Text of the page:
Deep learning for assisting the process of music composition (part 2)

This is part 2 of my explorations of using deep learning for assisting the process of music composition. In this part, I look at some “failures” of a model trained by deep learning methods on over 23,000 folk tunes. Part 1 is here.

Here is a little bit of extended tension composed by the system, which it has titled “Barch Beach”:

I am reminded of the beach scene from “There Will Be Blood.”

The system sometimes composes “sitcom style segues”. For instance, here is a segue perfect for cutting from a festive birthday scene (the system has titled it “The Birthday”) to a tender conversation between two characters that viewers want to see fall in love:

And here is a segue it has titled “The Last Night’s Fanky”, which can cut from said two characters realising what has happened to their humorous admission to the rest of the group what has happened:

These will probably not be favourites to play in a session (although it could be fun to try “Barch Beach”). The same probably goes for the incredible failure that the system has titled, “Le The Chredor”:

T: Le The Chredor
M: 4/4
L: 1/8
K: Gmaj
EGBc BGAG|EAcA C2 BG|DBdB Bcde|fdad bdad|
fBgB fBeB|fBgB adfd|gBag bdbg|eeae (3ggg bg|
|:ecce dBcF|EFGf e2 e/f/g/f/|eBcB AGAB|1^dbcd BGED:|2dfcB A2 zd||
G,2 c,D G,2 G,c,|[A,4D4] [C3:|
[K: Dmaj]
|::|E|"Dm"F2 FD C2 GE|FDFA F4|"C7"ECCE "Dm"FEDF|"Dm"BGFG A2 "A"Ac|
d2 df "Am"eAdc|[dA]fgf e/f/g fe|dBAd/A/ Bcde|A2 "Dm"dc d2 DE:|
|:ECCA _BcBG|F2 AD FAde|fffe f/g/a gf|eccB AGG/G/G|
"Dm"AAFb f2 ef|gdce "G7"dcBA|GEEE {F}EDCE|"F"F2 ^F/G/A FDCD|
|A,CDE F2 Ac|dfed c2 B2|"Bb"AFDF "A7"C3 D| Ec^cd B3 A|
"^Am"AcAF E3 D|"A"A,=FEC A,2 ag|"Dm"fdd(d3-|d)dcd|
f2 fa g2 ab|"D7"agfd "Gm"fedB|"Gm"G2 gf gfdB|"Am"c}"C"Bde (3dcB =A/B/c|
"Dm"f/g/a gf "Em"egag|"Dm"fdef "Gm"d2 de|"Am"fdcd "A7"edBG|1 "Am"D EA^C D2 DA:|2 "Dm"DDDE "Dm"D4|
"Am"A,DEF "C"GECE|"G"D2 A,B, C2 D^C|"Em"D2 GF EDCB,|"Dm"A,2 DF "Dm"A,4:|

I can’t see where in the ABC it says to turn everything up to 11.

Anyhow, I find some of the “failures” of this system very compelling. Take this curious piece the system has composed and titled, “The Castle Star”:

T: Castle Star, The
M: 4/4
L: 1/8
K: Gmaj
d2 de dBGB | e4 d4 | e2 ed d2 B2 | d4 BABd | e2 ed e2 B2 | d2 ed BdBA | GEDE GDBA | G6 :|G3 G G2 GA | B2 Bd efgd | B2 BG A2 GA | BA A2 BGED |G2 G2 G2 GF | EGGE D2 GA | B2 B2 ABcB | AGFG A2 cB ||
| gfgf e2 dg | B2 BA B2 dB | ABAG E2 D2 | GA BA G2 Bd |
efge d2 BG | EGAG A4 | efge dBBd | BABG A2 GE|


That first section sounds oriental because it uses a major pentatonic scale (you can play it on just the black keys of the piano, starting with F#). The first section has a really nice contour in two parts, almost like the first three and a half measures poses a question, and the rest answers it with confidence. The cadence is fun too. The end of the first section is missing a beat from the last measure. The second section consists of a strange rambling line that doesn’t really go anywhere, or have any identifiable musical ideas. It also breaks with the pentatonic scale; but this returns in the third section, which seems a good complement to the A section.

From where did this pentatonic inspiration come? In fact, pentatonic scales are common in Scottish and Irish music. There are tunes within our dataset that stay strictly within a pentatonic scale, such as “The Chinese”:

(The tune is not an Irish tune, but apparently French Canadian.)

The first figure of “The Castle Star” exaclty matches that appearing in the C section of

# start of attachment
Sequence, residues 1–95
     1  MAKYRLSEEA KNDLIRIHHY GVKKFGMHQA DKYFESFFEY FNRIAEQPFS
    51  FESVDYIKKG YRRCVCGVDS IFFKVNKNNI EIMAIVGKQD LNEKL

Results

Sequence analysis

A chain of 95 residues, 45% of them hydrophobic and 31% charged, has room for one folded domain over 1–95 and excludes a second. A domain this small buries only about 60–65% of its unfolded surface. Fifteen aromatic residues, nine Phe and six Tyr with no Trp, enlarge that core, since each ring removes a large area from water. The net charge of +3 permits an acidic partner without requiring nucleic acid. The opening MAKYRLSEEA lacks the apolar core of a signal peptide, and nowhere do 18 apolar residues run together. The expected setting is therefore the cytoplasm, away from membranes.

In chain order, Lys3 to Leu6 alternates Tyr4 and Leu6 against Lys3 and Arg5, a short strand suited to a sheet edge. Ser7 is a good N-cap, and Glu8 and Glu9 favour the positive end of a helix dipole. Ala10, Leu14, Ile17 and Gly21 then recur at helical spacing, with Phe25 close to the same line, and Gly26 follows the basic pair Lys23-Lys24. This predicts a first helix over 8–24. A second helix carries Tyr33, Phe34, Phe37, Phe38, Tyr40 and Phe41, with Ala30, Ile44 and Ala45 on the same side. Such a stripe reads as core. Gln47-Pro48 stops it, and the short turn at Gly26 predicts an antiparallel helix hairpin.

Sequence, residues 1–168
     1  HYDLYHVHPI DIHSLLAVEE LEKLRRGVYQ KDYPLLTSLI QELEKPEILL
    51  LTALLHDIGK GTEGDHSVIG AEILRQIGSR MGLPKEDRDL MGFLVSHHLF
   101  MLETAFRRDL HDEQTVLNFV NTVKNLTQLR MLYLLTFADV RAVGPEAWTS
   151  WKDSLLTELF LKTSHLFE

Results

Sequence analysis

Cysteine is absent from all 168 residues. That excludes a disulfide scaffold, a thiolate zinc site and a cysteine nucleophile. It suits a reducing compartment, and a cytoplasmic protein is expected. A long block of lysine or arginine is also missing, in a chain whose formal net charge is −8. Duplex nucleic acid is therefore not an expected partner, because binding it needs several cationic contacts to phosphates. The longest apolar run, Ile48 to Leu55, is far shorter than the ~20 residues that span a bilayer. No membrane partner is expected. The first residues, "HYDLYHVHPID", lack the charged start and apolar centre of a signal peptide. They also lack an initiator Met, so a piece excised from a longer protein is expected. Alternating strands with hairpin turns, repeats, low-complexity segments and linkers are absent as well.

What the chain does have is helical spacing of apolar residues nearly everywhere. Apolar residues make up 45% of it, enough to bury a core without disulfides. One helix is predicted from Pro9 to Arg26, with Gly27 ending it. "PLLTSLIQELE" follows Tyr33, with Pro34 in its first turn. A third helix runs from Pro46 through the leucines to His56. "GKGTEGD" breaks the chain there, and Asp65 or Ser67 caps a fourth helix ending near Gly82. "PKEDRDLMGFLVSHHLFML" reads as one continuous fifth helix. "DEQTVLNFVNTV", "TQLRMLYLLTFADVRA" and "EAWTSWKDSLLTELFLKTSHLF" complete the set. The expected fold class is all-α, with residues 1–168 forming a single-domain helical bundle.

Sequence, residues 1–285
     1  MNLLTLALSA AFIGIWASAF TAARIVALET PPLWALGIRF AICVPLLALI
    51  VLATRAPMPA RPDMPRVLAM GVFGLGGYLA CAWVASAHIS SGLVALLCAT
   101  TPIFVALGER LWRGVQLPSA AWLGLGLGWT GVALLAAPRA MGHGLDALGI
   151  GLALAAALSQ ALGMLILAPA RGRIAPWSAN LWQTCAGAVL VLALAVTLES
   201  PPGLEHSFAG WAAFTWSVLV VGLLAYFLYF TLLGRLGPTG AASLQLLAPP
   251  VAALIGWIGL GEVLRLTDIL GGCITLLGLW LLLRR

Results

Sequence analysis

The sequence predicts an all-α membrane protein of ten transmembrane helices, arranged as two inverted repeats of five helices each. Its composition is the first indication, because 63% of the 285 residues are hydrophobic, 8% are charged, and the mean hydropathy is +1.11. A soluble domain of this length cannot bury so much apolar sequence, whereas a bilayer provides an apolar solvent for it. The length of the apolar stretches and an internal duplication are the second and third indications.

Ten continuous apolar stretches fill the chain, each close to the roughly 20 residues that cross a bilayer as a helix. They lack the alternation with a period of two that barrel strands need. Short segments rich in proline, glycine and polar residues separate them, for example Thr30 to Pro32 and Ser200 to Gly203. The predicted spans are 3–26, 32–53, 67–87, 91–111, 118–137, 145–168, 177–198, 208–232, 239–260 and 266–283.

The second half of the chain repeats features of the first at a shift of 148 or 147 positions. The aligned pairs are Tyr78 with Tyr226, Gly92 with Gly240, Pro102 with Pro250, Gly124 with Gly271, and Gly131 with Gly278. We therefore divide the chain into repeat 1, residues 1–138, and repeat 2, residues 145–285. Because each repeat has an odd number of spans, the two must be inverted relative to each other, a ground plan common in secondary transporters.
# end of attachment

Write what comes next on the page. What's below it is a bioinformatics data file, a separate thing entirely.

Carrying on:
The Fifth Legion March“, which is almost pentatonic through and through except for the use of the leading tone (F#):

We find no tune in our collection that shares the same two measures as “The Castle Star”, but what about its second measure?

It plays an important role in “Tom Tully’s“:

It appears twice in “Jearoid” (which is also in the same pentatonic scale as “The Castle Star”):

It appears once in “Dragon’s Teeth“:

It starts off the tune of “Michael Coleman’s“:

and the funny reel, “Good morning to your nightcap”:

as well as “Siuil A Ruin“; and it starts off the turn of “Ado Barker’s“:

But it ends “The Weavers’ March” … and wouldn’t you know it! It appears in the “Tibetan National Anthem” which is in our dataset??? (Read the comments.)

So, back to “The Castle Star.” This can be made into a lovely tune. The entire part A is great; but to give it more of a feeling of a human conversation let’s add a few ties to lengthen the notes. Let’s cut section B completely, and make a few adjustments to section C to provide a second part of the conversation begun in section A — but this time with the topic augmented with the leading tone (F#). We also fix the ending, and copy the nice cadence that ends section A but an octave higher. Og voilà!

Synthesized with some appropriate portamento on the violin (to imitate the er-hu, poorly), and adding a sound like a pipa, we have a nice non-Irish tune!

All in all, just a few minor modifications to the output of this model, and we now have a tune that nicely mimics a music style of a completely different part of the world from the West. Now: can I put my name on it as the composer? Or have I merely edited the output of a nameless model?

In the next parts, I will be taking a look at composing things other than folk tunes from the output of the system.

UPDATE: Here I am performing the piece.

5 thoughts on “Deep learning for assisting the process of music composition (part 2)

  1. Pingback: Deep learning for assisting the process of music composition (part 3) | High Noon GMT

  2. Pingback: Deep learning for assisting the process of music composition (part 4) | High Noon GMT

  3. Pingback: Web Picks (week of 24 August 2015) | DataMiningApps

  4. Pingback: Componiendo música con ayuda de redes neuronales recurrentes

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